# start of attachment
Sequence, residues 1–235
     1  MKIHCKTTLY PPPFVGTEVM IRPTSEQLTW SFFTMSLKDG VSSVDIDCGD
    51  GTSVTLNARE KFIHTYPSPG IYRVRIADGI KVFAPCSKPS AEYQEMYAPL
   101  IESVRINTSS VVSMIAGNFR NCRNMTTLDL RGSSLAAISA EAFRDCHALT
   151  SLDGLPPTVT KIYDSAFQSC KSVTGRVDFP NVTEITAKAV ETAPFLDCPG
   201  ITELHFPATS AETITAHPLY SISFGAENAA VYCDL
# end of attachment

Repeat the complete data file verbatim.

Sequence, residues 1–235
     1  MKIHCKTTLY PPPFVGTEVM IRPTSEQLTW SFFTMSLKDG VSSVDIDCGD
    51  GTSVTLNARE KFIHTYPSPG IYRVRIADGI KVFAPCSKPS AEYQEMYAPL
   101  IESVRINTSS VVSMIAGNFR NCRNMTTLDL RGSSLAAISA EAFRDCHALT
   151  SLDGLPPTVT KIYDSAFQSC KSVTGRVDFP NVTEITAKAV ETAPFLDCPG
   201  ITELHFPATS AETITAHPLY SISFGAENAA VYCDL